Here is a photo of Sisterlocks that are mature:
Friday, June 27, 2008
How can you find out about Sisterlocks? What are Sisterlocks?
Here is a photo of Sisterlocks.
You can find out about Sisterlocks by visiting the Sisterlocks.com website. Sisterlocks are locks which are smaller than traditional locks, have excellent parting, and have been reinforced with an interlocking method to start and maintain the lock. You must be certified to install Sisterlocks. All of the certified consultants appear on the Sisterlocks.com site.
How do you wash Sisterlocks/ how often?
This is how you should: Once they mature, you can wash them as normal. Until then, you are supposed to braid and band them to prevent unraveling and bunching. You are also supposed to use the Sisterlocks Starter Shampoo until your locks mature.
This is what I do:I wash my hair much differently. I am not suggesting you do what I did because my locks are not as uniform and have experienced some bunching. I discarded the bands after the first wash and as soon as I ran out of Sisterlocks shampoo, I switched back to Aveda Sap Moss Shampoo (my pre Sistrlocks shampoo). Then, I found that to be too silky so I switch to Ganier for oily hair because it kind of roughens the cuticle without being too harsh. I also use a body and hair bar sometimes that I got from Whole Foods awhile back.
What is bunching?
Bunching is when the Sisterlocks become fuzzy and begin to lock in a more traditional way and look less even and knotted. If you look at the labels on the left, you will see a bunching post and an update on bunching.
Are all Sisterlocks small?
Yes! All Sisterlocks are small. The size of Sisterlocks is based on a parting size established by Dr. Joanne Cornwell. Depending on where your locks are in the process and the hair texture you have, the lock may appear larger or smaller than your part.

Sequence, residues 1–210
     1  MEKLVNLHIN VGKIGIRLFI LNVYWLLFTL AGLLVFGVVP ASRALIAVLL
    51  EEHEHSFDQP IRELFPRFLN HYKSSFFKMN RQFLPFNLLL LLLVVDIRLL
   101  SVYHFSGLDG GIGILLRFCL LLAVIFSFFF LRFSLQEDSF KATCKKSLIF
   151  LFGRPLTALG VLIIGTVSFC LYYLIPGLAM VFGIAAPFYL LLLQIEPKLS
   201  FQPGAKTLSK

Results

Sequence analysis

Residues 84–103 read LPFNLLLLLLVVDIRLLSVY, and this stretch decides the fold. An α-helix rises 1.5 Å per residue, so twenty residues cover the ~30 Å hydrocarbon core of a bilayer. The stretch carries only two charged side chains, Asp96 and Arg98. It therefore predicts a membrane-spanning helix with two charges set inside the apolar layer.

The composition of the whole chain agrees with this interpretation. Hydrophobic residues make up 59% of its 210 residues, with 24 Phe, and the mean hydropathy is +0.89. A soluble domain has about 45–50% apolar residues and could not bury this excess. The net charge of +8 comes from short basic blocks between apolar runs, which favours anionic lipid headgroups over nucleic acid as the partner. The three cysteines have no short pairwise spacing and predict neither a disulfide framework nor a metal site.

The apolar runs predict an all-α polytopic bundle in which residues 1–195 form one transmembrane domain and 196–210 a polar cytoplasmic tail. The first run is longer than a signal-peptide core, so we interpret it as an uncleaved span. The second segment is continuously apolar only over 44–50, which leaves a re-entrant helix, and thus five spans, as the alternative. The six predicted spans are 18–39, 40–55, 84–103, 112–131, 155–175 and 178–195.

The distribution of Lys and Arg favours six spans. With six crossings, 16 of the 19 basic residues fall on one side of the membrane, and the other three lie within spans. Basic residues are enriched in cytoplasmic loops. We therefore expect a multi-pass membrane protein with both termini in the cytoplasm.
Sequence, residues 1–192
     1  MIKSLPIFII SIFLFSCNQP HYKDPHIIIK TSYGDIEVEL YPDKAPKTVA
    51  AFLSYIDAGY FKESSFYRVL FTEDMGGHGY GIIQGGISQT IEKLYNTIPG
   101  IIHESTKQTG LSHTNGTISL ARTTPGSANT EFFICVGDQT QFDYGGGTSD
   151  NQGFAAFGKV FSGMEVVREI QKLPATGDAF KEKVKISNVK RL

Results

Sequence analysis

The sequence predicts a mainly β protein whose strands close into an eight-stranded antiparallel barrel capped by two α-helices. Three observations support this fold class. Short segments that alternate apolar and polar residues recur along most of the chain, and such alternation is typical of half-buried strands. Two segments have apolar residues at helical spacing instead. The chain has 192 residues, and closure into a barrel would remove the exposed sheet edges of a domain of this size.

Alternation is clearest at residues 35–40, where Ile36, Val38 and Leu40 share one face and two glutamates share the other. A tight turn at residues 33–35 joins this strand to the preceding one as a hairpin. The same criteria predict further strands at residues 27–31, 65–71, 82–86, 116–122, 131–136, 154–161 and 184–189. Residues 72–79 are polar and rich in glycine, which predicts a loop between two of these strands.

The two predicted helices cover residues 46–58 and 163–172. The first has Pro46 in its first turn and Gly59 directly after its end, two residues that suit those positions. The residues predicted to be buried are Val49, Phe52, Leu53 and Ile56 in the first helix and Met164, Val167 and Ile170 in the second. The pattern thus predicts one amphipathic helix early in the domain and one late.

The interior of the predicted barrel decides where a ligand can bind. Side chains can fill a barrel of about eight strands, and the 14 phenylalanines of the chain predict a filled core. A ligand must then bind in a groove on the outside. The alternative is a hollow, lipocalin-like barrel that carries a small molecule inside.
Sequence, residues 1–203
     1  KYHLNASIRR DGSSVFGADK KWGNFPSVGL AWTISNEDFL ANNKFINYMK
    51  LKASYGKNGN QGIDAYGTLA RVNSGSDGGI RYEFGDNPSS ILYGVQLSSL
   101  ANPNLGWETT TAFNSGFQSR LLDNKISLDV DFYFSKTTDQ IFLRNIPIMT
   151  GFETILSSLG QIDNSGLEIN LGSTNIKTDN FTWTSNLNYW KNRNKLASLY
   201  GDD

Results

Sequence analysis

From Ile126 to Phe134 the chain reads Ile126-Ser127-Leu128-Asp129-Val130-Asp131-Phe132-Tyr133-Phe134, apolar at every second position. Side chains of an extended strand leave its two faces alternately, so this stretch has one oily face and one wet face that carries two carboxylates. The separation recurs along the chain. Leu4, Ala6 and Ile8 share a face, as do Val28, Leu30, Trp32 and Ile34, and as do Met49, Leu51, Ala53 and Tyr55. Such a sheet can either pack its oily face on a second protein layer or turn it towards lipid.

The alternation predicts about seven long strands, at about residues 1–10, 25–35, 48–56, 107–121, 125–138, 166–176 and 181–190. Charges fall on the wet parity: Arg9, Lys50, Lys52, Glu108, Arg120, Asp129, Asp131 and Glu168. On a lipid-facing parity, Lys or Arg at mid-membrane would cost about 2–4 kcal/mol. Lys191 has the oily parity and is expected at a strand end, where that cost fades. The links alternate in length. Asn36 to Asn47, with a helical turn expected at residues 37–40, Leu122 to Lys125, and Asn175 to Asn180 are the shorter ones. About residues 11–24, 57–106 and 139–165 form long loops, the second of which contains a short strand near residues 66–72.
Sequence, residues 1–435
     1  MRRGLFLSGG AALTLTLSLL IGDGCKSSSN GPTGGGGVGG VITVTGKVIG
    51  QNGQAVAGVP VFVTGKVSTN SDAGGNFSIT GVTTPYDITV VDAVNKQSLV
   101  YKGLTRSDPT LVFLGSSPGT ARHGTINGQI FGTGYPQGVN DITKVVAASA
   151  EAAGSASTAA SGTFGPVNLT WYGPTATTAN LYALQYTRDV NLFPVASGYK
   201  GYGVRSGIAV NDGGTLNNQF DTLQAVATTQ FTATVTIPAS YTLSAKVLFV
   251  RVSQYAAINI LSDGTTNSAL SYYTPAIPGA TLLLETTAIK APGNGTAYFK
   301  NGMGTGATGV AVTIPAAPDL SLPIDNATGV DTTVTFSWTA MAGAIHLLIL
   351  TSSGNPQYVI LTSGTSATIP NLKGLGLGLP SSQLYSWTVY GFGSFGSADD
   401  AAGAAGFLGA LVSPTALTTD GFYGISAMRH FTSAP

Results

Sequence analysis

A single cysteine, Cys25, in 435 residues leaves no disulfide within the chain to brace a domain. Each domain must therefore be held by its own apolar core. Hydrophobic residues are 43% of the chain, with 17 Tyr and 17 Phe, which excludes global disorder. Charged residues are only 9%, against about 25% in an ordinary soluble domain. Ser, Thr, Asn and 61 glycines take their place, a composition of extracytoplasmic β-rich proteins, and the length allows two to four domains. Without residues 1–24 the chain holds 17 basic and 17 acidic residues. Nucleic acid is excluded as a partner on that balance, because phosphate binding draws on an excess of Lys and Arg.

You can have Brotherlocks which are only slightly larger like Consultant Amba's son.
I have checked some blogs out, and I keep seeing the number of Sisterlocks coming up. What significance does the number have?
In my honest opinion, The Sisterlocks number doesn't matter as much as people may think. All Sisterlock wearers have between 300-800 locks. The number has to do with the size of your head and how far your hair grows down on your forehead and neck, hair texture, hair density, and parting size. Your consultant will discuss your particular head of hair in order to best suit you and your needs. There is nothing wrong with having an idea about what you want but your locks won't look exactly like anyone else's Sisterlocks.
In the picture below one of these consultants has close to 400 Sisterlocks and the other consultant has closer to 800.
Do you know which has more? Is it obvious?
Well, not to me. So that's why the focus should be on what's best for you. To me, all properly maintained locks look beautiful.
I figured you'd ask. LOL! I have about 500 give or take because I have had some locks combined and split.
What did your hair look like when you first got them?
When will my hair grow and drop (as far as length)?
It depends on your rate of growth and the length you start with initially.
My hair grows fast but I have a lot of shrinkage because my hair is locking. It looks more curly now because my locks are locking and less straight.
Shrinkage is when your hair looks shorter than when you first started.
Not everyone experiences this, I think this is based mostly on hair texture. Your hair will grow and won't shed like loose hair.
Just look at Cluizel and Onyx Cherry's growth. I don't think they experienced shrinking.
Please feel free to ask me questions but I am NOT a Sisterlocks consultant. The best thing to do is to get as much feedback as possible and make your decision from there. Good luck on your natural hair journeys!
Thursday, June 26, 2008
Ne Me Quitte Pas (Don't Leave Me) is one of my all time favorites.
And her version of Here Comes the Sun just truly epitomizes sublime as they say.
Her remains were spread over Africa after succumbing to breast cancer in 2003. A piece of Nina will always remain in my heart.